Don’t rush changes to Yukon’s school calendar

The Yukon Party government's current attempt to force a new, standardized school calendar on all communities has garnered a good deal of recent media attention.


by Jim Tredger

The Yukon Party government’s current attempt to force a new, standardized school calendar on all communities has garnered a good deal of recent media attention. Since the minister’s plans were made public, I’ve been contacted by dozens of concerned students, parents and educators who believe the proposed changes don’t reflect their needs. I’ve heard their concerns and my message to the minister of education is this: Don’t rush changes to Yukon’s school calendar.

On the surface, the minister’s plan sounds nice. We’re told that more instructional hours will improve student learning outcomes and a standardized school calendar for all Yukon schools will expand course options for rural students through distance education. These are good things. The problem here isn’t the minister’s goals. Instead, the way he’s going about them is all wrong.

The brief window for public consultation is poorly timed and too short. What’s the rush? The proposed changes will have far-reaching implications. Yukon people, and especially our students, deserve better than a quick process that doesn’t allow for meaningful discussion.

It’s ironic that a government that decries low participation in school councils is now acting in a way that might very well drive participation even lower. As it stands, local school councils can, with the minister’s approval, set their school calendar. Standardizing the school calendar strips this important role from school councils, thereby reducing their ability to influence the delivery of education in their communities. Why would a person want to join a school council to advise a government that seems to have little interest in listening?

The proposal to increase the number of days in the school year is based on the minister’s stated belief that Yukon students need to spend as much time in the classroom as other Canadian students to be able to compete for university admissions and jobs.

However, the relationship between instructional days and educational outcomes isn’t that straightforward. For example, Yukon students perform better than students in the Northwest Territories and Nunavut despite having fewer days in the school year. To be clear, our students need an adequate amount of quality classroom instruction, yet they also need time outdoors to connect with and learn from the land and the community.

It’s overly simplistic to say that more days in the classroom will lead to better student outcomes, especially if that classroom time is competing with students’ desires to experience longer hours of daylight after a cold and dark winter. Perhaps longer school days without an increase in the number of days would help achieve the desired effect. In other words, we ought to look at the quality of time students spend in the classroom and not just the quantity as we work towards better educational outcomes.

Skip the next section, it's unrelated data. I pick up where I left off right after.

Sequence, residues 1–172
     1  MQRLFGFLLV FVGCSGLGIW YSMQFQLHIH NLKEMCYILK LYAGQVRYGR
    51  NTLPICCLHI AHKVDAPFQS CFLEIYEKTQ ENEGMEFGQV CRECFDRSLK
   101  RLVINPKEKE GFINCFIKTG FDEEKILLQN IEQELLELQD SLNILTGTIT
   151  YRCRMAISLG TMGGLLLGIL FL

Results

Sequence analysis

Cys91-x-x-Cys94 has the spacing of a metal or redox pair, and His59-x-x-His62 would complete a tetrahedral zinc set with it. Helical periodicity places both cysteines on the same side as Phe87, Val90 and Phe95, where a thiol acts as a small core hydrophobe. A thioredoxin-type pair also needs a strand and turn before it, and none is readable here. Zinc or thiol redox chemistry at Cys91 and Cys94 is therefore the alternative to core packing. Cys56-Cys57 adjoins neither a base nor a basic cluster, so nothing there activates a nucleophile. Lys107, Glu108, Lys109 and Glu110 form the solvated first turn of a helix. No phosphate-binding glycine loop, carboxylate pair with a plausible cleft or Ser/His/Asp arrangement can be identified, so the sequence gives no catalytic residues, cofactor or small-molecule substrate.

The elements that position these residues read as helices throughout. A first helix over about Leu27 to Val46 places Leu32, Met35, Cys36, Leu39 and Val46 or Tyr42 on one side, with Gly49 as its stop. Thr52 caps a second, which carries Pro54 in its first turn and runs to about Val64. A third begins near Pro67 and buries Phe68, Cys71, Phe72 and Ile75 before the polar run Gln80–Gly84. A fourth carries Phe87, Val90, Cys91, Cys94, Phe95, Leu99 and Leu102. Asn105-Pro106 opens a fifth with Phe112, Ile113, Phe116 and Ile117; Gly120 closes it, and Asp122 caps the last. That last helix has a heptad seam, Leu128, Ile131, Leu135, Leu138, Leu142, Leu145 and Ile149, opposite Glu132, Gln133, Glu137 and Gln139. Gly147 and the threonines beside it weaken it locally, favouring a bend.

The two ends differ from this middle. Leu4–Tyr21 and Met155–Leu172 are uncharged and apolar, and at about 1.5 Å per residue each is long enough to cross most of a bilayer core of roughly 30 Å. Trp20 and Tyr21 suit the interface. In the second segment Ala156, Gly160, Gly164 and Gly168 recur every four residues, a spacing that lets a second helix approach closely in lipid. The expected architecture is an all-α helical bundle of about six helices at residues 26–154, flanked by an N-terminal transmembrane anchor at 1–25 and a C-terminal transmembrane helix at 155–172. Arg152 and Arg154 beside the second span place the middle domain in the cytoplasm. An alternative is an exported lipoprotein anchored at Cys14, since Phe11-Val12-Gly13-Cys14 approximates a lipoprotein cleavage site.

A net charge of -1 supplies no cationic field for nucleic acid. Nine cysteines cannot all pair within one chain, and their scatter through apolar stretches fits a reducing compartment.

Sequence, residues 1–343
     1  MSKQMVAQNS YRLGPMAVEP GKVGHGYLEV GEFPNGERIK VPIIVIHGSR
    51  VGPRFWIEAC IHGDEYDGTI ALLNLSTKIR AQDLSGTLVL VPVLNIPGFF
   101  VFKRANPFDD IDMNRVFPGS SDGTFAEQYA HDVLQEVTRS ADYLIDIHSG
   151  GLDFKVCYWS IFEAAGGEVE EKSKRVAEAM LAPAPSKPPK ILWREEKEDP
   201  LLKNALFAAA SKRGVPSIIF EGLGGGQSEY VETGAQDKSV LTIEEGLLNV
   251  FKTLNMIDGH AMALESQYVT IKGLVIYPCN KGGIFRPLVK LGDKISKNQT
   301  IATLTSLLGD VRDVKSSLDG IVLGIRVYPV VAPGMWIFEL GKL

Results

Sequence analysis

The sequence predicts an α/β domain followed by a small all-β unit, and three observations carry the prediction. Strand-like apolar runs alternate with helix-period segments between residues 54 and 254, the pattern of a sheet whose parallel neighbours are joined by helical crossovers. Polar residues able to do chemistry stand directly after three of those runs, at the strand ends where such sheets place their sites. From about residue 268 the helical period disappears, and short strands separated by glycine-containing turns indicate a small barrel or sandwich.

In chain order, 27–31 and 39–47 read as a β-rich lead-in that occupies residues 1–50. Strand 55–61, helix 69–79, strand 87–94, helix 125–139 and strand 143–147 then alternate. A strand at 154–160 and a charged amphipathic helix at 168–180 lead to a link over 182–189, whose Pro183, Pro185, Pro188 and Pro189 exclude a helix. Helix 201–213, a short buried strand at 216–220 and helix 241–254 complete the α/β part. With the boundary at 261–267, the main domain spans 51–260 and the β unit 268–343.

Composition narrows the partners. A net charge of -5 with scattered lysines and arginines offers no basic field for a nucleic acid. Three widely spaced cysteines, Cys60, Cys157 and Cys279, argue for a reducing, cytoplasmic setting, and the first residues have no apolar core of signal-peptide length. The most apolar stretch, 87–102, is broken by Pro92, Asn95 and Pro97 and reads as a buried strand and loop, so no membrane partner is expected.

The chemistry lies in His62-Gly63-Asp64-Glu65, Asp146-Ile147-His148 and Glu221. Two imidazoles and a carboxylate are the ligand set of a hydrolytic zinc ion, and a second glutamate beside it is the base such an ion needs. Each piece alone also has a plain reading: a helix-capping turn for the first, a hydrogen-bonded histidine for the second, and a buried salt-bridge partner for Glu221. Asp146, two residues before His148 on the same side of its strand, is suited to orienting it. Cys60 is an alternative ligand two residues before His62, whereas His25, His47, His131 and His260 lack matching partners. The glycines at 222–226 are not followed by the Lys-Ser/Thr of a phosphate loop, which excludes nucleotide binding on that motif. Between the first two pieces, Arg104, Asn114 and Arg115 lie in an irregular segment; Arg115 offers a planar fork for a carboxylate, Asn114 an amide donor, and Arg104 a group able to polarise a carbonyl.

I’ve heard from people in Pelly Crossing, Mayo, Dawson City and Ross River who said a standardized school calendar does not meet their unique needs. The current school calendars for Pelly Crossing and Mayo reflect the importance of allowing students to spend time on the land. For Dawson, the school calendar allows students to compete for seasonal work in the tourism industry, which ramps up after the May long weekend. For Ross River, the school calendar accommodates the important fall moose hunt.

The bottom line is that the communities differ from Whitehorse in many significant ways. Within reason, the school system should be responsive for those differences. One size does not fit all.

The minister claims a standardized school calendar would expand course options for rural students through distance education. Specifically, the department has said that a standard calendar would allow rural students to participate via videoconferencing in courses that are offered only in Whitehorse.

The minister seems to have a narrow and out-dated idea of distance education. Instead of forcing rural distance learners to adhere to a strict classroom schedule dictated by Whitehorse, modern distance learning techniques could make learning more flexible. Web-based tools allow for instruction and interaction using text-based discussion groups and live and recorded video. In other words, videoconferencing rural students in to ‘live’ classes in Whitehorse is not the only option. There are creative ways to deploy distance education that do not require a standardized school calendar.

After years of relative inaction from the Yukon Party government, it’s time to make real improvements to our education system. We need to close the performance gap between Whitehorse and rural students and ensure the system meets the needs of all learners, their families and communities. To do this in an effective and lasting way will require a more inclusive, open and creative approach than the minister’s current top-down exercise.

Jim Tredger is the NDP’s education critic.